Kevin Foley
February 27, 2013
Ms. Lane, I graduated from the University of Connecticut in New England. Never, not once, in all the classes I took there did I ever hear a professor or guest lecturer express "severe secular skepticism" of God or any religion.

Does it happen? Sure. But mine was the quintissential liberal arts education in the hotbed of liberalism and if such skepticism was prevelant, I would have heard and seen it, especially at UConn.

This idea of widespread academic disdain for God and religion is a myth pushed by the far right noise machine. These are the same people who flog the annual "war on Christmas" claptrap. Beware.

One last thing about "ideas that originate from the Right." The Right is losing the war of ideas as we saw in 2012. See my nearby blog if you want to know why.
B D Lane
February 27, 2013
Of course God is not a foreign concept in institutions of higher learning, Mr. Foley! But not everyone goes to divinity schools. And one is often still inundated in other disciplines with a severe secular skepticism that is rarely countered in the classroom with an opposing viewpoint. One is supposed to simply assume that everyone in the classroom has moved beyond those "outdated superstitions" as educated people.

It's a little like always reading Leftist ideology--plentiful on your common syllabus--and never bothering with any serious consideration of ideas that originate from the Right.

While I have had MANY amazing professors over the years to whom I give an amazing amount of respect--I did not go to Yale, but I have a masters degree and am currently earning another in preparation for further studies--I have found I must seek my own counters in both religion and politics if the goal is really to weigh both sides of any argument and make up my own mind.

I'm sure that you would agree lack of balance--starting from a point of conclusion rather than real inquiry--can be a problem??? I am simply stating--as Mr. Metaxas observed--that this lack of balance on the question of God exists in academia, i.e. the debate is often concluded before the student ever enters that debate.
Kevin Foley
February 26, 2013
Ms. Lane - You are no doubt aware that many universities, including Yale, have divinity schools. So God is not a foreign concept in institutions of higher learning.

However, there are also many academicians who don't believe there is a God or at least question the existence of a supreme being.

This is what they do at universities: offer a wide range of diverse thinking. If a student believes in God, he or she will find plenty of like minded folks, including professors, who share their views. If they don't, ditto.

The idea is to expose students to a wide range of thinking and let them decide for themselves.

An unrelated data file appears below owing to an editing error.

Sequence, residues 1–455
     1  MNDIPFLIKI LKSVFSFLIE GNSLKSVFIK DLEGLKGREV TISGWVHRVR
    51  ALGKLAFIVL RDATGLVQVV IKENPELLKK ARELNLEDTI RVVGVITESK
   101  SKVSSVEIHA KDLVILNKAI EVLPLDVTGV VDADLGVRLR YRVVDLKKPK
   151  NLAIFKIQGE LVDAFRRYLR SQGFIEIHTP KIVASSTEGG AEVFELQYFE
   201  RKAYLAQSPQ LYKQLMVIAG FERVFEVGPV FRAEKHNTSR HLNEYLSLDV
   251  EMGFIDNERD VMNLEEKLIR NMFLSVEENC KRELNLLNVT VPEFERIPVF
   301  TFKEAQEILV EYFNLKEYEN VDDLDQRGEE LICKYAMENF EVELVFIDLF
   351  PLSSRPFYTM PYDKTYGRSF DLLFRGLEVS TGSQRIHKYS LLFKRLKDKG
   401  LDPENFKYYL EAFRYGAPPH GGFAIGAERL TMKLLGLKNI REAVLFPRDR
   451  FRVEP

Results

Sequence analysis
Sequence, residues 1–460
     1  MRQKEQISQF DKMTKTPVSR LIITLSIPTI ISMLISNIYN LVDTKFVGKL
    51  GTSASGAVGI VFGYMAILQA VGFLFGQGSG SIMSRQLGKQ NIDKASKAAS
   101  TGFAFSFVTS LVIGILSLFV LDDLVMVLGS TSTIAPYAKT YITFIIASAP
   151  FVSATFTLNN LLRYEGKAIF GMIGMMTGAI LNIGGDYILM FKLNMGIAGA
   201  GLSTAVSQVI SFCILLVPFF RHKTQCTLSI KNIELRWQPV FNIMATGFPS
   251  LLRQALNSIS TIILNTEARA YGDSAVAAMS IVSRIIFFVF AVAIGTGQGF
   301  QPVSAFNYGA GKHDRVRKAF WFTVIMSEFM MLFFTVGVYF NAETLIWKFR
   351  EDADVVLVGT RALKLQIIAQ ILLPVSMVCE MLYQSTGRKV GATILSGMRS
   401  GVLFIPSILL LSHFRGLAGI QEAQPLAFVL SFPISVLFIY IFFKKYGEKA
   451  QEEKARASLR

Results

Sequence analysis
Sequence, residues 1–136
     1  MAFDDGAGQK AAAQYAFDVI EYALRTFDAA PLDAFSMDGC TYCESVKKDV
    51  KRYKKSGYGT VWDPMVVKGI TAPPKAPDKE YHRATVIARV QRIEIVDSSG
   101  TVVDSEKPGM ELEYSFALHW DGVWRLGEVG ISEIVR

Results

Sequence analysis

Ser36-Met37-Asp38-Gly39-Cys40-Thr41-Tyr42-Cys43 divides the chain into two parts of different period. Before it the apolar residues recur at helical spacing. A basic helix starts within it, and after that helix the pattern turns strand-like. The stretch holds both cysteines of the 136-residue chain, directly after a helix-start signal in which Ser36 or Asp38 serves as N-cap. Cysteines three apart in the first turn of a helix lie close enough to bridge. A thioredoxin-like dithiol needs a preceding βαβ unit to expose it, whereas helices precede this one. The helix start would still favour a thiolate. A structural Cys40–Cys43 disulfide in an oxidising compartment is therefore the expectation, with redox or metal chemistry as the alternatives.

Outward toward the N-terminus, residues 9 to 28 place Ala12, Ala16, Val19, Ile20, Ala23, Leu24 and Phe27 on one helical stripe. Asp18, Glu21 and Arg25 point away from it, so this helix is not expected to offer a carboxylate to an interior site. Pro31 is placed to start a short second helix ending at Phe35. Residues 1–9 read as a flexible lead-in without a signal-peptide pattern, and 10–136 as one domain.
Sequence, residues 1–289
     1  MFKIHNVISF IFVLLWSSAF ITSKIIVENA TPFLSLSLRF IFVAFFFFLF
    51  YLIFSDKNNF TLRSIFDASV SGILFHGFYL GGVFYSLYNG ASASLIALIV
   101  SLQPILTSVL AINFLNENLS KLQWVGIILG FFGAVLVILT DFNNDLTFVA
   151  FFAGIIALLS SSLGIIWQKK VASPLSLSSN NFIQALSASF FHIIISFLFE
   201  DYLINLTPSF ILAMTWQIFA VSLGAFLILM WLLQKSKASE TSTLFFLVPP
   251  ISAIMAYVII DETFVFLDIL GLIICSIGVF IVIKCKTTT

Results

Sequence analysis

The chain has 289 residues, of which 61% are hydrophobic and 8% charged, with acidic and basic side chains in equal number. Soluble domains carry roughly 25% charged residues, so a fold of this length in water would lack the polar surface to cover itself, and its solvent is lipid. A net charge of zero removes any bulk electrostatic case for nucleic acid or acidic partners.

West Cobb
February 26, 2013
Mr. Foley: In Romans 3:23 the Apostle Paul writes that "all have sinned and come short of the Glory of God". Therefore, there is no "sinners" v. "righteous" debate.

"Absent any proof positive"? What further proof does one need? I have seen the face of God in the eyes of a child, in the miracle of birth, in my grandmother's smile as she breathed her last breath. Love is not tangible, yet we know it exists, intrinsically. You love your wife, you love your children; you are familiar with the concept of love, yet, if asked to describe love, you can't identify it by color, by shape, or by any other "proof positive". Still, you know it exists. God is the same way. It is necessary to seek Him; look for Him in everything. If you have an open mind, and an open heart, you will find Him, and He will find you, wherever you may be.
B D Lane
February 26, 2013
Mr. Foley,

You are indeed amusing. We are all sinners, regardless of the answers we find about faith. However, I believe Mr. Metaxas' point was that the questions about God are often already decided on university campuses and thus do not truly encourage real exploration of theology.

In fact, rather than encouraging true inquiry about His existence, students are often presented God as a cultural artifact, like a strange amulet uncovered in an archeological dig that may say something about the superstitions of a society but little about the truth of divinity. I find this mostly sad as I believe there is plenty of "proof" of God, and He is a big part of my own very flawed, very human life. Even Voltaire who was no doubt a deist--thus skeptical of the supernatural elements of any one particular faith--thought atheists were wrong-headed and intellectually dishonest. Perhaps he would debate the form of God, but he was thoughtful enough to concede God exists.

So rather than pushing an ideological position that does not include God as at all plausible as so many academics tend to do--whether they are at Yale or not--in my perfect world we would all follow different lines of inquiry and build a foundation in education on subjects like religion that encourage students to make up their own minds on those giant questions that will surely impact the rest of their lives.... I wish this for you, too. In fact, I would hope quite sincerely that you and God are on a regular speaking basis. As you may already know, He has a lot of great things to say when you listen to Him. Bonhoeffer surely understood this verity.

Kindest regards,

Kevin Foley
February 25, 2013
So the sinners are those Yale (read Northeastern "elites") intellectuals who, absent any proof positive, question the existence of God or, for that matter, faith?

Isn't that the substance of intellectualism? Questioning what others accept as an article of faith?

I'm just asking, Ms. Lane.
Concerned Citizen
February 25, 2013
It is good to hear stories like this. It makes me believe that even in the world of skeptics in which we live, there are people who with both reason and faith live lives that we should all applaud. I am glad that you had an opportunity to attend and that there was indeed a "revival" for so many people. Wouldn't it be nice if all of us could have the strength of character of a Dietrich Bonhoeffer?